On the other hand, while overall Guns, Germs, and Steel is a very interesting and welcome book with a lot of materialist analysis of history, someone really needs to talk to Jared Diamond about the fact that his facile denunciations of the Cultural Revolution in China (statements like "some idiots decided to shut down education for several years!"--which Diamond made in a talk I saw on videotape) reflect a woefully inadequate and distorted understanding, and/or highly subjective impressions, of the monumental questions, and struggles, involved in the Cultural Revolution--including the struggle to transform the educational system in order to make it more fully serve the masses of people and their mastery and revolutionization of society.
There seems to be an unfortunate tendency among many otherwise insightful intellectuals to uncritically accept some of the more crude and shallow distortions and slanders of the experience of socialist transformation so far. Such people need to be challenged when they depart from and make a mockery of the methods and principles they apply in grappling, in a deep and many-sided way, with some profound and world-historic problems. Especially when it involves what has become "conventional wisdom" these days about things having to do with communism--things "everybody knows" (or assumes) to be true, without any real or substantial basis, and in opposition to what is actually true--this phenomenon of intellectuals like Diamond lapsing into uncharacteristically shoddy methods is really rather widespread--and, unfortunately, unchallenged, or not challenged nearly consistently nor compellingly enough. People like Diamond need to know that this kind of "lapse"--even if it might correspond to some of their own predilections and more deeply-held prejudices--is not correct, and not acceptable.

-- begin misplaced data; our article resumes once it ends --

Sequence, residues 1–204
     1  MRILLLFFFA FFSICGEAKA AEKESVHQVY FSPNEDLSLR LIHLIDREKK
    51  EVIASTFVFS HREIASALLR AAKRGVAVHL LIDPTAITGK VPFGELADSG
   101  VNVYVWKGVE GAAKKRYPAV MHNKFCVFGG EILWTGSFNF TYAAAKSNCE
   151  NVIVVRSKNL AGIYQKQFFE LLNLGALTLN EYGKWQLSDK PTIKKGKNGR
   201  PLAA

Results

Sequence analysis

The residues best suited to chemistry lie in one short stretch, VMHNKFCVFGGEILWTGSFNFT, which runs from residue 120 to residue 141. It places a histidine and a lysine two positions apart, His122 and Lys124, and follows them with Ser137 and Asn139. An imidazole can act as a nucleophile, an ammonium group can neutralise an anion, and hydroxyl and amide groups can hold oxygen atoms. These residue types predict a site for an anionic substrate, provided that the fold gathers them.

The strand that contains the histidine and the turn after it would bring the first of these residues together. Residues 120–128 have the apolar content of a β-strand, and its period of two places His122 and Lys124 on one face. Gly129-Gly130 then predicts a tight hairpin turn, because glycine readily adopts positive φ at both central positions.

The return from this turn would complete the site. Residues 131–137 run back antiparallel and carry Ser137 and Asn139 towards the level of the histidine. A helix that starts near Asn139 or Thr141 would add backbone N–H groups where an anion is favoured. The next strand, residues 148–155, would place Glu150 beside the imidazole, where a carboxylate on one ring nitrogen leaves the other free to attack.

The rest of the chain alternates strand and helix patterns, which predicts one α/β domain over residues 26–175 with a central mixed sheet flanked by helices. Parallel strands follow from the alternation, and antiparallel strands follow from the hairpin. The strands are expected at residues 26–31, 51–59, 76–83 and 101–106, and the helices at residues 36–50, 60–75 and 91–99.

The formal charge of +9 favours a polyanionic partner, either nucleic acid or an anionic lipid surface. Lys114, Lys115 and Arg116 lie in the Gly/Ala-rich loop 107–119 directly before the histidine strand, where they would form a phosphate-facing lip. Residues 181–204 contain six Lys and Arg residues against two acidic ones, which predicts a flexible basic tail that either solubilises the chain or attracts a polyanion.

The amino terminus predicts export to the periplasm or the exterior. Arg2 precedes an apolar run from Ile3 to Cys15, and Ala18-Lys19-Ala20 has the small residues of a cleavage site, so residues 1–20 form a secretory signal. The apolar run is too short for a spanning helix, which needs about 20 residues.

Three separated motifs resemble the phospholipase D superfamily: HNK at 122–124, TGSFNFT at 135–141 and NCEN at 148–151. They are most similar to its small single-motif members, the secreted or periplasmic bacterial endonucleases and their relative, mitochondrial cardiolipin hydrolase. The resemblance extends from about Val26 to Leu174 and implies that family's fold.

It is one thing to disagree with communism, philosophically and/or politically, or to have criticisms, even sharp criticisms, of particular policies and practices of socialist states--or even the "socialist project" as a whole--on the basis of having seriously looked into these questions. With that there can be and should be dialogue, "engagement" and struggle. It is another thing to make pronouncements about major questions like these on the basis of profound misinformation and without even caring (or caring to know) that one's pronouncements are based on notions, but also on methods, that are wildly in conflict with reality and with a serious approach to engaging reality. Such ideologically lazy, flabby, and slipshod methods not only fail to meet the high standards of dialectical materialism but even fail to meet the standards to which people like Diamond subscribe and aspire in much of their own work. Again, this is especially disappointing and frustrating because there is much that is very valuable and challenging, in a positive sense, in Diamond's Guns, Germs, and Steel. This kind of glaring discrepancy and lapse in methodology should be a "lever" for a larger dialogue and struggle with people like this, as part of an overall approach of unity-struggle-unity.